Behind the 'Mask of Masculinity'

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Carol Gilligan's work opened eyes to the difficulties of adolescent girls. But in many ways the statistics on boys may tell an even sadder story.

Carol Gilligan's work opened eyes around the world to the difficulties girls face in adolescence. But in many ways the statistics on boys may tell an even sadder story.

Boys and young men are much more likely than girls to kill themselves, to become the victims of a violent crime, and to be diagnosed with attention-deficit/hyperactivity disorder, experts say.

"I think we are seeing a national crisis in the lives of boys," says William Pollack, a Harvard Medical School assistant professor and psychiatrist who has studied boys for more than a decade.

Pollack is in the vanguard of researchers, writers, clinicians, and educators who, like Gilligan, have begun to focus on boys' development in recent years.

"The field I think is just now opening up, and people are beginning to say, 'Hey, wait a minute. We really don't know what is going on with boys, but we've been making a lot of assumptions about them,'" adds Diane J. Hulse, a researcher and the head of the middle school at the Collegiate School, a private K-12 school for boys in New York City.

One false assumption, Pollack says, is that boys must be somehow civilized out of a biological predisposition to aggression and stunted emotional growth. "The myth about boys is that boys are inherently aggressive, that it's based on testosterone, and that they are consequently toxic and that we have to learn to detoxify them," says Pollack, whose book on boys, Real Boys: Rescuing Our Sons From the Myths of Boyhood, is scheduled to be published by Random House next month.

He says his studies show that boys can be just as empathetic, just as caring, and just as keen to maintain emotional connections with friends and families as girls are. But, like adolescent girls, they get the message from society early in life that they need to bury their true feelings to step into the gender roles that have been cut out for them.

"Although girls' voices have been disempowered, boys' voices are strident and full of bravado," Pollack says. "But their voices are disconnected from their genuine feelings. The way we bring up boys leads them to what I call this 'mask of masculinity.'"

And, as Gilligan suspects, he says the disconnection could come as early as preschool and kindergarten, when boys are prematurely pushed to "stand on their own two feet" and to separate from their mothers.

Already at that age, boys and girls seem to have markedly different play patterns. "The boys stay together in large groups, and they do a lot of very active play," says Maria Barbarino, a Watertown, Mass., private school teacher who has worked with kindergarten and preschool students for more than 20 years. "This entails sometimes a lot of bank robbers, and gangs, explosions."

The girls, on the other hand, are more likely to spend their free time drawing and talking, or creating "happy little situations" in the housekeeping area, Barbarino says.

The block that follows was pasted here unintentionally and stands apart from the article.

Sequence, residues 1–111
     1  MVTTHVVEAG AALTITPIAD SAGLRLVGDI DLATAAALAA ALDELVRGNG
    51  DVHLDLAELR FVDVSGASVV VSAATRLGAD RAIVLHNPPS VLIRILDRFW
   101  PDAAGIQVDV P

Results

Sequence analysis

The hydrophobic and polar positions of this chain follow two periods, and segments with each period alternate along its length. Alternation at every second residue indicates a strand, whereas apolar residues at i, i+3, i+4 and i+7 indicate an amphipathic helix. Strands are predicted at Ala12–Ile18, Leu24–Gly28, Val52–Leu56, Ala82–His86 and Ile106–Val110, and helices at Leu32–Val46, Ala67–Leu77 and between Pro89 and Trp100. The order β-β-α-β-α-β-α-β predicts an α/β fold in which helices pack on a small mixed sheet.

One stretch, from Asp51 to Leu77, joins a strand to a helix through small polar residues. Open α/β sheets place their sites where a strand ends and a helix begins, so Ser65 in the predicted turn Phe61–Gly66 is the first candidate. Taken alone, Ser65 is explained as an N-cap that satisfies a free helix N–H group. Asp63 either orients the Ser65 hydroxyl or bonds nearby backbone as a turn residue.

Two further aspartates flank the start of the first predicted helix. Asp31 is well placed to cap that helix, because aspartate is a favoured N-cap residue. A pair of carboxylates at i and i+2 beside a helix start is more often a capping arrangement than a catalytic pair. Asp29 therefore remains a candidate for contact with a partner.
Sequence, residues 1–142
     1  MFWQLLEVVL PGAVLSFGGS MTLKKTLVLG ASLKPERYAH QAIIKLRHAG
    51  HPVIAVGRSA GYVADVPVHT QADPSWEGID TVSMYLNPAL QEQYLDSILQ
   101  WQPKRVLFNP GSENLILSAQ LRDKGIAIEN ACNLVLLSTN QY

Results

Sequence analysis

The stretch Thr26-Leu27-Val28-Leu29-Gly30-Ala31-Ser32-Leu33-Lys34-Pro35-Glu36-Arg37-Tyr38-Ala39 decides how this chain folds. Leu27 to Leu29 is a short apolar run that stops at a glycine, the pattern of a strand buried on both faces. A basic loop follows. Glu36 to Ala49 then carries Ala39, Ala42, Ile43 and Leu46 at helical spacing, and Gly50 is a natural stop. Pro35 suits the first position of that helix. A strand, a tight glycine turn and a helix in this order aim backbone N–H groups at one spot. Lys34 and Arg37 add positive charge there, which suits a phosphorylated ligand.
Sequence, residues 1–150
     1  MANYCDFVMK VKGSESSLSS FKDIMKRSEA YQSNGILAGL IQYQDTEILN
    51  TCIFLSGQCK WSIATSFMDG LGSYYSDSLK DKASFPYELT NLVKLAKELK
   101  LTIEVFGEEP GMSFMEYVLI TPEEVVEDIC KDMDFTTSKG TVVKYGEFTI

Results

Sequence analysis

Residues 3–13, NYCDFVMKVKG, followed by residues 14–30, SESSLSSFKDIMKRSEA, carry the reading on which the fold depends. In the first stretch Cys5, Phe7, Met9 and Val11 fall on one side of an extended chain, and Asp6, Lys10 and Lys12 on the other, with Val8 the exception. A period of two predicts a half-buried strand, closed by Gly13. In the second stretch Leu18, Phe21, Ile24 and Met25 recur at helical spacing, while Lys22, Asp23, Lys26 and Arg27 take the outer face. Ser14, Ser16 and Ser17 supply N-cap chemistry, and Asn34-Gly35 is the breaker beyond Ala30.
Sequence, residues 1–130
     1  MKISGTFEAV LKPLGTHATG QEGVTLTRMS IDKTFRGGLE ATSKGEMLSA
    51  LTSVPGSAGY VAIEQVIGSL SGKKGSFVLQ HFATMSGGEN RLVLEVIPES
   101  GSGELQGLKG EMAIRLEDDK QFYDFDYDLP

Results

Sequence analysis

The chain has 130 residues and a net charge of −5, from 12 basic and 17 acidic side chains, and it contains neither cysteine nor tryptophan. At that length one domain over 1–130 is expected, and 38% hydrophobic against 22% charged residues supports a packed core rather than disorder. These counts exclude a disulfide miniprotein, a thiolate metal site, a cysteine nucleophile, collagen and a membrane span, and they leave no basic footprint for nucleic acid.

Later on in school, boys tend to be medicated for attention-deficit/hyperactivity disorder at higher rates than girls, to lag behind girls in reading and writing, and to act up more in the classroom.

"You can't be a school principal without noticing the parade of boys that get sent to the principal's office," says Barney Brawer, a former principal and now a Harvard University graduate student. He collaborated with Gilligan on the Harvard Project on Women's Psychology, Boys' Development, and the Culture of Manhood, a forum for discussion that ended last year.

Part of the problem, several researchers say, is the poor fit between most schools and most boys.

"Schools for the most part are run by women for girls. To take a high-spirited 2nd or 3rd grade boy and expect him to behave like a girl in school is asking too much," says Christina Hoff Sommers, a researcher at Clark University in Worcester, Mass., whose book on boys is due out next year. Her thesis, however, is that much of the new research on little boys may be "pathologizing boyhood" or trying to create problems where none exist.

Hulse, of the Collegiate School, has compared economically matched, middle school boys in two Manhattan private schools. One school was coeducational and the other was an all-boys school.

She concluded that the boys from the single-sex school were less defensive and less susceptible to peer pressures than the boys in coeducational schools. They were also more egalitarian in their views on women's and men's roles, and more comfortable in their relationships with girls. The boys' school group also felt they had more control over their academic performance.

But Pollack thinks schools may not need to separate boys from girls to foster healthier psychological development in boys. He says coed schools might instead integrate some of the curricula of all-boys schools into their programs.

On one point, most of the researchers agree: Boys' problems, whatever their causes, are worsening. Their point was brought home painfully in March when two preteen boys are alleged to have shot and killed a teacher and four classmates at a Jonesboro, Ark., middle school. The tragedy was the third multiple killing at a school in five months, and boys have been charged in all the incidents. ("Arkansas Community Still Reeling After Fatal School Shooting Spree," April 1, 1998.)

Such incidents are extreme, but may be signs of a wider crisis. That crisis, Brawer believes, partly stems from the shifting "plate tectonics of gender" in society--an upheaval being spurred by the women's movement. "We've deconstructed the old version of manhood, but we've not constructed a new version."


Vol. 17, Issue 35, Page 37

Published in Print: May 13, 1998, as Behind the 'Mask of Masculinity'
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